After parting ways with its parent company First Look Media in December, the non-profit documentary production studio Field of Vision is at Sundance with four docus and actively seeking new donors and supporters.
Founded in 2015 by former Hot Docs programming director Charlotte Cook, “CitizenFour” Oscar winner Laura Poitras and SXSW prize winner A.J. Schnack (“We Always Talk to Strangers”), the company now run by Cook has become a force to be reckoned with in recent years. The filmmaker-driven visual journalism documentary company’s credits include the Oscar-winning film “American Factory” as well Academy Award nominated features including “Ascension,” “Strong Island,” and “Hale County This Morning, This Evening.” (Schnack and Poitras stepped down from their roles as co-creators and executive producers in 2017 and 2019, respectively.)
Overall, Field of Vision has supported or produced more than 260 features, shorts, and series mainly via grant money provided by First Look Media, the company run by eBay founder Pierre Olmidyar. Over the last several years, the company has begun commercially investing in docus, including the Sinead O’Connor docu “Nothing Compares” and Sundance hit “We Met in Virtual Reality.”
“We started to invest in docs to really build towards this independent future in sustainability,” says Cook. “I was very hesitant about doing investment and about Field of Vision walking into a commercial space because I really wanted to make sure we could do that and retain our values. Luckily, we found that we could.”
Money that Field of Vision makes from selling a film that they have invested in, goes back into the company to help fund another docu.
“It’s a very different way of thinking about commercial funding,” says Cook. “We really saw success last year with ‘Nothing Compares’ and ‘We Met in VR.’ It was a financial success more than we ever anticipated.”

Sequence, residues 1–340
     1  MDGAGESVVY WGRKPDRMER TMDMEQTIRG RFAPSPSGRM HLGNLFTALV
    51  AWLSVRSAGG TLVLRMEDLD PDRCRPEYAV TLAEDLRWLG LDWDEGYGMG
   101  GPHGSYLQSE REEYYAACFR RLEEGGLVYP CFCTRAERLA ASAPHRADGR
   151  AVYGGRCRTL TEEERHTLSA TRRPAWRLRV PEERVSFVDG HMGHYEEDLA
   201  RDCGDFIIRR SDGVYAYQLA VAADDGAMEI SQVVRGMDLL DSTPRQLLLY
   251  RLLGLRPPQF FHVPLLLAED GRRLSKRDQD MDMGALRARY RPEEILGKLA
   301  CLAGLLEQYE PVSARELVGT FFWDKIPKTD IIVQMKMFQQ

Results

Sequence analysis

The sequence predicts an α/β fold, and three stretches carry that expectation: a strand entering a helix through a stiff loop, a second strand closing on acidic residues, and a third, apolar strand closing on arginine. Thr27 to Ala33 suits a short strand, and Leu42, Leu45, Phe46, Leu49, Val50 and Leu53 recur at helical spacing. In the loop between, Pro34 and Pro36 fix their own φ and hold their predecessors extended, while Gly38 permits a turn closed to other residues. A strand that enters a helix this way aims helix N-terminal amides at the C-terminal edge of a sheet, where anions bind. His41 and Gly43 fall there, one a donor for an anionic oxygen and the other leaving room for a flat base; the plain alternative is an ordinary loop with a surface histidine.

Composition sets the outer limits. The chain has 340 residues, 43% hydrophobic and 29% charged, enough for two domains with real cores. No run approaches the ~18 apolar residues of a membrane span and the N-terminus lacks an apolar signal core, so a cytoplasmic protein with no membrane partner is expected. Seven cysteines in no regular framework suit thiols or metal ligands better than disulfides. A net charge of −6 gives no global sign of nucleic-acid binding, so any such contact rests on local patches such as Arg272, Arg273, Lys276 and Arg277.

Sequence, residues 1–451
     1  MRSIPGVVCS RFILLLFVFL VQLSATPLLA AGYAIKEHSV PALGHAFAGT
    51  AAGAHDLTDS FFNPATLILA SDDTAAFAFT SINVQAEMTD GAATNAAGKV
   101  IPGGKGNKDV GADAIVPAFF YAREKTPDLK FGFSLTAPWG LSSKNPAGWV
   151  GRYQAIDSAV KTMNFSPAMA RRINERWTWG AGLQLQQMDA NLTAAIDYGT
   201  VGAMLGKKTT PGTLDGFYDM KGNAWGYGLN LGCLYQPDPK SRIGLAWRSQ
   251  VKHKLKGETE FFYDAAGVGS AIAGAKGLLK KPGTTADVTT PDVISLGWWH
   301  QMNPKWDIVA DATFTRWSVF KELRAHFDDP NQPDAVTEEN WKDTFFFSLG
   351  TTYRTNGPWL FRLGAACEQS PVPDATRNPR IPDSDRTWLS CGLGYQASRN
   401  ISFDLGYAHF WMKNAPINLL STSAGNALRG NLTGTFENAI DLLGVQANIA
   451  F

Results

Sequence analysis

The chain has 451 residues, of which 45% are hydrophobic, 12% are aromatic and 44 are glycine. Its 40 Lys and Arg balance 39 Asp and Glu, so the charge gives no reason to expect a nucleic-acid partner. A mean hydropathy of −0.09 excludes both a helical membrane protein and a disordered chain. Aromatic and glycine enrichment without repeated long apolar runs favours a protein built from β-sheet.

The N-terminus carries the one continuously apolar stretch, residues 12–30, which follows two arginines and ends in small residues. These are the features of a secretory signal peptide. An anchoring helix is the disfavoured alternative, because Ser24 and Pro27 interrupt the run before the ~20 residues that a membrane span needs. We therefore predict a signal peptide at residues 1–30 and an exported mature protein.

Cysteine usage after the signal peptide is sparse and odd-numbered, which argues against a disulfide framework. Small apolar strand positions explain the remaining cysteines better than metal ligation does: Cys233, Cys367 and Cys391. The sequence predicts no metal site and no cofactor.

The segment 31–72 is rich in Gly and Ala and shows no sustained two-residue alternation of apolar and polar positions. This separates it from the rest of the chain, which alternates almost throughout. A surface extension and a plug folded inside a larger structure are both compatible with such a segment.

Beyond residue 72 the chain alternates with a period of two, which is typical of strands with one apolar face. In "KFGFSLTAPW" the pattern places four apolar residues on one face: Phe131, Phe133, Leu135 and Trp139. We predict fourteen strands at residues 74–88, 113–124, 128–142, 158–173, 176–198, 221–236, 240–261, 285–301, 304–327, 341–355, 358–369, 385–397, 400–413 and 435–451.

Despite that success, Field of Vision will only be investing in a “handful” of docus each year.
“We aren’t aiming to be a commercial studio,” says Cook. “It’s a side part of what we do. It’s a way to generate some revenue and then also really help a film and filmmaker. But we still want the ability to grant because granting is always better for a filmmaker because they don’t have to pay the money back.”
This year, the doc studio has three features and one short at Sundance: Sierra Urich’s “Joonam,” (U.S. Documentary competition), Milisuthando Bongela’s “Milisuthando” (World Cinema Documentary competition) and Alison O’Daniel’s “Tuba Thieves” and Elaine McMillion Sheldon’s “King Coal,” (both NEXT section docs). While none of the four docus were investment films, they each received multiple Field of Vision grants, which are usually in the $25,000 to $50,000 range. Each doc is seeking distribution.
Cook says that Field of Vision will be supporting each filmmaker throughout Sundance and beyond.
“It’s a lot of work to work with the filmmakers through strategy so other grant organizations often just contribute the grant,” says Cook. “Whereas we really try to be there at every stage. So, we’ve already done calls with all of the directors about their goals, and we connect them with various buyers. Also, Field of Vision has always been really dedicated to providing legal support for filmmakers. So, we have a pro bono legal clinic because we want to empower filmmakers.”
This year Cook is in Park City to not only support Field of Vision filmmakers, but to also raise grant money that will eventually replace First Look Media investments.
“Last year, Field of Vision was supported more than fifty percent by either revenue from films or fundraising,” Cook says. “So, it’s not like we’re going out in the world for the first time and raising funds, it’s just that we haven’t been very visible about it. So, the big change this year will be talking more about our investing and fundraising because I think a lot of people didn’t realize how successful we were with our doc investments.
She continues: “Making more people aware that we have the ability to fund at a certain level in the field and we can come in with larger money and do that kind of work is something I plan on talking more about.”